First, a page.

I am new to Scorsese films but so far this is easily the most visually entertaining film. The way it’s shot and edited is masterful. Besides the subject content, what also separates this film from Rocky is that it’s shot on black and white film. Scorsese was aware of numerous difficulties regarding the use of color for this film and it was released in 1980 a time where black and white films were limited. I know we both enjoy b&w films, but do you think this decision benefited this particular film?

Hunter: I do love black and white films, but color can be used wonderfully as well. For this story, I think black and white was the right call. Not only does it help place us in the time period of the forties (where a far greater number of films were shot in black and white), but it also clues us into the darker, grittier tone of the film. The film makes such good use of black and white with both the high contrast scenes and the smokier, flatter ones that it’s honestly hard to picture it in color. Of course, that discounts the short color portion in the middle which is wonderfully placed to give a sense of normalcy in the midst of all the violence and brutality of the rest of the film.

I agree with you that this is probably Scorsese’s most visually entertaining film, and from this great director, one of my personal favorites, that’s saying a lot. On this last rewatch, Raging Bull solidified itself as my favorite Scorsese film. It held up a lot better for me on the second viewing than Taxi Driver did. I think it’s his best film, and a perfect combination of film technique and thematic depth. It’s very powerful emotionally and also stimulating intellectually. La Motta is a very typical Scorsese character, which is able to show with incredible humanity even along with his depravity, which is one of Scorsese’s greatest strengths as a director in my opinion. I only have a few of Scorsese’s feature films left to go (6 on last count), so I can almost definitively say that it is his best. With your limited exposure to Scorsese’s films, how do you think this stacks up among his others?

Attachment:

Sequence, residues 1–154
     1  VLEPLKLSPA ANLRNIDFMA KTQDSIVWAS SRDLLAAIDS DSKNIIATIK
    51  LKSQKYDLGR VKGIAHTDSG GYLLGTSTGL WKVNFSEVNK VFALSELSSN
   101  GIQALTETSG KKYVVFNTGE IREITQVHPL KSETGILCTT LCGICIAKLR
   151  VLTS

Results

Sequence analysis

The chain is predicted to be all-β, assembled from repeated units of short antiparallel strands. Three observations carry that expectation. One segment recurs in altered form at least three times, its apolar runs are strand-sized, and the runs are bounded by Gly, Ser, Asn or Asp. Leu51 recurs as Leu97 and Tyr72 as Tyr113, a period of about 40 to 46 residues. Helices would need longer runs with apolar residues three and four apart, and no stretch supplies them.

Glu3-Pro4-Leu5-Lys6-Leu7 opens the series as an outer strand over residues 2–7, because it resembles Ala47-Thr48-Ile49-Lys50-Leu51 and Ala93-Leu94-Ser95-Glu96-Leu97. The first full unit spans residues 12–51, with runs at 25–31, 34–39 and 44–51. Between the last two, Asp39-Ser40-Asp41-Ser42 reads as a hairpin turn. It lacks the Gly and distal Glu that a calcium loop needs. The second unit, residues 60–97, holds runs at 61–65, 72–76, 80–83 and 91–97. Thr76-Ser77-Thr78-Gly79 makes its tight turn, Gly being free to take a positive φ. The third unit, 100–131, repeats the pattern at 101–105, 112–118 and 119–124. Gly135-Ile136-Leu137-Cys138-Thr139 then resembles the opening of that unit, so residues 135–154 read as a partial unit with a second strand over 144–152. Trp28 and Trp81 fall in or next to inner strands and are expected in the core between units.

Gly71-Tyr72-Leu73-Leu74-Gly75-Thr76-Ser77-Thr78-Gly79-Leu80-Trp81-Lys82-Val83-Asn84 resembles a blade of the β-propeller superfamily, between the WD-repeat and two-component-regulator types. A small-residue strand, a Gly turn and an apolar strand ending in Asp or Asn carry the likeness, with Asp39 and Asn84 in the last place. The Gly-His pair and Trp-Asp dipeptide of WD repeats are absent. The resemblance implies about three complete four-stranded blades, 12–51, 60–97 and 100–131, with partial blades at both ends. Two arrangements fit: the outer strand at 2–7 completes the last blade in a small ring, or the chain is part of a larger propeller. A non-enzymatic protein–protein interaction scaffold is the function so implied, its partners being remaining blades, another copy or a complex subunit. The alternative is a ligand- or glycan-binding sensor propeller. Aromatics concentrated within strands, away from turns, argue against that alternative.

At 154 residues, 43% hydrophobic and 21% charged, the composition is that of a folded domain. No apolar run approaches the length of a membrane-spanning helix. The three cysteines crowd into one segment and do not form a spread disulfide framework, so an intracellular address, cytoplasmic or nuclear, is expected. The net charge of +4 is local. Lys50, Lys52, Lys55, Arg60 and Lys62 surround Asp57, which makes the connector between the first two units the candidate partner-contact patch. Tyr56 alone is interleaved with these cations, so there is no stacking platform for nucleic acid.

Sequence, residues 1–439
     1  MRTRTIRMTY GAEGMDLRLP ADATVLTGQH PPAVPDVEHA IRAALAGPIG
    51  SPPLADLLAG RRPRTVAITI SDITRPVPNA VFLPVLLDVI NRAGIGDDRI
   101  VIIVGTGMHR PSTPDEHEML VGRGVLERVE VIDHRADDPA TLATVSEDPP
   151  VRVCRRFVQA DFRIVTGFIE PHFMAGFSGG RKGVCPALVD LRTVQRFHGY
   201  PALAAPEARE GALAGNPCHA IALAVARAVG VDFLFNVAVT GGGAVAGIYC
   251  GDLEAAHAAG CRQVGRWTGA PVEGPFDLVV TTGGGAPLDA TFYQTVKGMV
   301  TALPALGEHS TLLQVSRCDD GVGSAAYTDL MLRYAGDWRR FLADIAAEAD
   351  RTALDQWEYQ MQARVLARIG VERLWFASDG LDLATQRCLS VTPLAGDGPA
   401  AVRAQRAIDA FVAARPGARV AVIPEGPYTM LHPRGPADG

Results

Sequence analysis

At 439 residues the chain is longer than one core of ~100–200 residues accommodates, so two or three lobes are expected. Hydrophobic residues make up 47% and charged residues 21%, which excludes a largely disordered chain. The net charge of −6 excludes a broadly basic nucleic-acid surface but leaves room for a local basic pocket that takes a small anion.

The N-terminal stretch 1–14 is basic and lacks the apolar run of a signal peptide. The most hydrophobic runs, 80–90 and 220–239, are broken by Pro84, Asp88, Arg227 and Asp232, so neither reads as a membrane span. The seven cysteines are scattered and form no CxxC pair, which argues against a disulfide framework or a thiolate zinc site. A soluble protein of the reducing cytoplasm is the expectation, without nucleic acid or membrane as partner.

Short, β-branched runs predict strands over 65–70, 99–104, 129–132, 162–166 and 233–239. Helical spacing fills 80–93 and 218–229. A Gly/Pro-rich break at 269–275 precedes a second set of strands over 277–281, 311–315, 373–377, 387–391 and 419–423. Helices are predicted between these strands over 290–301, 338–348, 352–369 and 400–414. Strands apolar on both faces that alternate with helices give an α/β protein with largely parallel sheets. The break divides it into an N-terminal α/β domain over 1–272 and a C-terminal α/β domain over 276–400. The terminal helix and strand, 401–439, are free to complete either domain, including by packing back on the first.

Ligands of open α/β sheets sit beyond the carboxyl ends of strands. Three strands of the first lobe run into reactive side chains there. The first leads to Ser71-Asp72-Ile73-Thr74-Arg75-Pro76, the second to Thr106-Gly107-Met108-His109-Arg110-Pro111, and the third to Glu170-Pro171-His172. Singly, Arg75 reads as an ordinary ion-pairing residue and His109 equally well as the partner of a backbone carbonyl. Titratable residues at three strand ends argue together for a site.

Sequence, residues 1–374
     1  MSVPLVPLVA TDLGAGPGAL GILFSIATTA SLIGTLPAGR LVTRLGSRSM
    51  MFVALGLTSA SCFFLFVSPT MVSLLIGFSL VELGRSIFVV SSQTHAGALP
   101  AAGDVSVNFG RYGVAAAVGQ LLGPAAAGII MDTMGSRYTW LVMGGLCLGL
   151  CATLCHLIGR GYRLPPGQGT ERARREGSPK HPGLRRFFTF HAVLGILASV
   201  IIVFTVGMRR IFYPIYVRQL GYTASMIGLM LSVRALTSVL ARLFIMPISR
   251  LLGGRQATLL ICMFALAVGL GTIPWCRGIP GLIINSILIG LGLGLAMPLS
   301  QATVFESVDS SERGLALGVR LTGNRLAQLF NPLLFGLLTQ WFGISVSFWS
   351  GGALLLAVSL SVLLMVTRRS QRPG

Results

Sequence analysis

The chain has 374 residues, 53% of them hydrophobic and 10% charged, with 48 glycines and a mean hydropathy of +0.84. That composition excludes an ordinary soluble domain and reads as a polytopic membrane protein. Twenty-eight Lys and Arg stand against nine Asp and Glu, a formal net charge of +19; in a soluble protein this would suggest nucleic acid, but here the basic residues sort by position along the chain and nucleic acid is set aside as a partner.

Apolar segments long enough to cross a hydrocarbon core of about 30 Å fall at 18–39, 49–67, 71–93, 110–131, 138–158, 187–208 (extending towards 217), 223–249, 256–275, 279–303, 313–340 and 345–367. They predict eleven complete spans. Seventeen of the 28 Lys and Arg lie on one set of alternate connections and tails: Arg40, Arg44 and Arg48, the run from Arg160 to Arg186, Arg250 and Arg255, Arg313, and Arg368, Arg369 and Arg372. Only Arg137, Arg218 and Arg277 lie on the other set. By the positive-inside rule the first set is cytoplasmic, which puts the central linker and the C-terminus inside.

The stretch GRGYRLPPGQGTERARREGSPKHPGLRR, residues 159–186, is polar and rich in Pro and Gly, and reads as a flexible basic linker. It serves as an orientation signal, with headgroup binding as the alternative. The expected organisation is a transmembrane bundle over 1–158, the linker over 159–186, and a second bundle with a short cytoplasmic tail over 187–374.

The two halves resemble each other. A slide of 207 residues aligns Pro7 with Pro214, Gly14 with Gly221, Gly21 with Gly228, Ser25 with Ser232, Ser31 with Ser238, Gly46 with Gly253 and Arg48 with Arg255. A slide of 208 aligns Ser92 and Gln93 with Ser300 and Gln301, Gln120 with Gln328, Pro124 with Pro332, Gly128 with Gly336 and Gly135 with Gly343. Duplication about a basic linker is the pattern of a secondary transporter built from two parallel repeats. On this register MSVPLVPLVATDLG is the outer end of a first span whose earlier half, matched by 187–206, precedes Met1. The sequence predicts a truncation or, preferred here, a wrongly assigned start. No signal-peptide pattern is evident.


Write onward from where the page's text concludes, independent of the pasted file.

Jon: In regards to the black and white, I agree with you 100%. I have seen Taxi Driver, Gangs of New York, Goodfellas, Shutter Island, and The Wolf of Wall Street. I think Raging Bull is a great film, and probably the best of that list. Scorsese & De Niro put a lot of passion into this film and I highly respect that. The problem with Raging Bull for me is that I can’t find much enjoyment from it. I liked that it was straightforward in terms story, but It’s just way too depressing of a film to want to watch over and over in comparison to Scorsese’s other films. As mentioned before this is easily the best in terms of visual entertainment, but falls below everything but Shutter Island in terms of enjoyment.

Much as been said about Robert De Niro’s Oscar winning performance, but how do you feel about the supporting performances? Joe Pesci gives a great performance, but I was impressed with Cathy Moriarty. She portrays a 15 year old involved with short tempered boxer, while Moriarty herself was only 19. It takes a lot of talent to be able to emulate those emotions of a tired and abused wife over the years. What do you make of her role in the film as La Motta’s wife?